Should an investor invest in individual securities or use funds?
Stock and bond mutual funds have been popular among investors,
and record amounts have been invested in them over the years.
The advantages of mutual funds, as stated earlier in this chapter,
are the use of professional management, diversification, the freedom
to invest small amounts of money, and the ease of buying and
selling. For many investors, these advantages far outweigh the disadvantages
of mutual funds.Table 14-8
Mutual funds might be the most practical way for investors to
buy many types of securities, including bonds that sell in high
denominations (minimum investments of $50,000) and to build a
diversified portfolio of stocks. The decision of which individual
stocks to invest in can be avoided by choosing equity mutual funds.
Diversification achieved by mutual funds minimizes the effect
of any unexpected losses from individual stocks in the portfolio.
Also, the professional managers of these funds have quicker access
to information about the different issues. The managers might react
sooner in buying or selling the securities in question.
However, in certain cases, a strong argument exists for buying
individual securities over mutual funds. The rates of return on
individual stocks and bonds are often greater than those earned
from mutual funds. This statement is true even for no-load funds
because in addition to sales commissions, other fees, such as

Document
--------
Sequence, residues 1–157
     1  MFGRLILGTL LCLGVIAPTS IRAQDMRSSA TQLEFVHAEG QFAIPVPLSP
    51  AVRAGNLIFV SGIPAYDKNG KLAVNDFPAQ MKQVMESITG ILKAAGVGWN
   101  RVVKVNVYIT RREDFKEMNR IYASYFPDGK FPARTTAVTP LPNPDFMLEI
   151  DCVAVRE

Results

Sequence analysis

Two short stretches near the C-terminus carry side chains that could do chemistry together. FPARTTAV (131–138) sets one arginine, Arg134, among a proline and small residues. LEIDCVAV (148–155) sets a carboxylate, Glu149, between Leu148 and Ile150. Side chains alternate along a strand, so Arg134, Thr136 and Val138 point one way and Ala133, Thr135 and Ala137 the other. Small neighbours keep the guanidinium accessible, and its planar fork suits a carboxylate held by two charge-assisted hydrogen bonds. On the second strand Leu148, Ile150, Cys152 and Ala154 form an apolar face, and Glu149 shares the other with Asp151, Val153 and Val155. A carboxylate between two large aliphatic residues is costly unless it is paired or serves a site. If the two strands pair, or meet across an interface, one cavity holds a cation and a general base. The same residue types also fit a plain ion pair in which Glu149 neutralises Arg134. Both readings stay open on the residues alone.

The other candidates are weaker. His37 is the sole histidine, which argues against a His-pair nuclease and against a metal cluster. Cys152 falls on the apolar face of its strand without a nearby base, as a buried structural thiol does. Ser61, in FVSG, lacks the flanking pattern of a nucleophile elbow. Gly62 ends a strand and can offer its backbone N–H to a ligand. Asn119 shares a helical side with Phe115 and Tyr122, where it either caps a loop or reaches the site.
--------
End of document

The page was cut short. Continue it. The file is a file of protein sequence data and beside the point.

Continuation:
12(b)–1 and operating fees, reduce the returns of mutual funds. By
investing in individual securities, you avoid these fees. A study by
Malkiel (1995, pp. 549–572) during the period 1971–1991 on the
performance of equity mutual funds indicates that on a yearly
basis throughout this period, the top-performing funds in one year
could easily become underperforming funds in the next year. This
phenomenon occurred more in the 1980s than in the 1970s.
Characteristics of Individual Securities versus Mutual Funds
||Achieved only if a large number of securities is purchased.
||Achieved with a small investment.
|Ease of buying and selling
||Easy to buy and sell stocks at real-time prices during the trading day. More difficult to buy bonds
||Easy to buy and sell shares. Trades occur only at the closing price at the end of the day
|Expenses and costs to buy and sell
||Brokerage fees to buy and sell.
||Low to high expenses depending on fund.
||Easier to predict income and plan capital gains and losses.
||Can upset careful tax planning owing to unpredictable distributions of
income and capital gains.
If you have a small amount of money to invest, mutual funds
are a better alternative. A $2,000 investment in a stock fund buys a
fraction of a diversified portfolio of stocks, whereas for individual
securities this amount might allow for buying only the shares of
one equity company. Investing in mutual funds is good strategy if
you do not have enough money to diversify your investments and
do not have the time, expertise, or inclination to select and manage
individual securities. In addition, a number of funds offer you the
opportunity to invest in the types of securities that would be difficult
to buy individually. Table 14–8 compares some characteristics of investing in individual
securities versus mutual funds.
Categories in Trading Mistakes
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Failure to control Risk
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Lack of Discipline
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